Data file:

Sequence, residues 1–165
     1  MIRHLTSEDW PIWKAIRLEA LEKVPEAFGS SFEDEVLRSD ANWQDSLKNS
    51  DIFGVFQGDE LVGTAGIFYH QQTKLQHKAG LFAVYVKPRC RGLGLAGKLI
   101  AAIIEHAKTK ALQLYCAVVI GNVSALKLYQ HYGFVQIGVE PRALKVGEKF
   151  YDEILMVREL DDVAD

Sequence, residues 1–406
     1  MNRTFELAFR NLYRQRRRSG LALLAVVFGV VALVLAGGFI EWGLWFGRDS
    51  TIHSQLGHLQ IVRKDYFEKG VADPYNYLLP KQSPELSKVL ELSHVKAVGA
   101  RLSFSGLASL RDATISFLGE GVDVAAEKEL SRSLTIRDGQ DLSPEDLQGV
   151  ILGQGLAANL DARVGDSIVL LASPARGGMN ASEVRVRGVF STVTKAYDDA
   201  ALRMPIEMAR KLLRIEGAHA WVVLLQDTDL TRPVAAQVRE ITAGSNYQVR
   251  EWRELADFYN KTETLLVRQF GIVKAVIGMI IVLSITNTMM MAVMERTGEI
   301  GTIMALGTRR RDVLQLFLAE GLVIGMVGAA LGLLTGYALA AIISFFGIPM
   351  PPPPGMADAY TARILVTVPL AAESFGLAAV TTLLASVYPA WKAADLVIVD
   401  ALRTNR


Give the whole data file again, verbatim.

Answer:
Sequence, residues 1–165
     1  MIRHLTSEDW PIWKAIRLEA LEKVPEAFGS SFEDEVLRSD ANWQDSLKNS
    51  DIFGVFQGDE LVGTAGIFYH QQTKLQHKAG LFAVYVKPRC RGLGLAGKLI
   101  AAIIEHAKTK ALQLYCAVVI GNVSALKLYQ HYGFVQIGVE PRALKVGEKF
   151  YDEILMVREL DDVAD

Sequence, residues 1–406
     1  MNRTFELAFR NLYRQRRRSG LALLAVVFGV VALVLAGGFI EWGLWFGRDS
    51  TIHSQLGHLQ IVRKDYFEKG VADPYNYLLP KQSPELSKVL ELSHVKAVGA
   101  RLSFSGLASL RDATISFLGE GVDVAAEKEL SRSLTIRDGQ DLSPEDLQGV
   151  ILGQGLAANL DARVGDSIVL LASPARGGMN ASEVRVRGVF STVTKAYDDA
   201  ALRMPIEMAR KLLRIEGAHA WVVLLQDTDL TRPVAAQVRE ITAGSNYQVR
   251  EWRELADFYN KTETLLVRQF GIVKAVIGMI IVLSITNTMM MAVMERTGEI
   301  GTIMALGTRR RDVLQLFLAE GLVIGMVGAA LGLLTGYALA AIISFFGIPM
   351  PPPPGMADAY TARILVTVPL AAESFGLAAV TTLLASVYPA WKAADLVIVD
   401  ALRTNR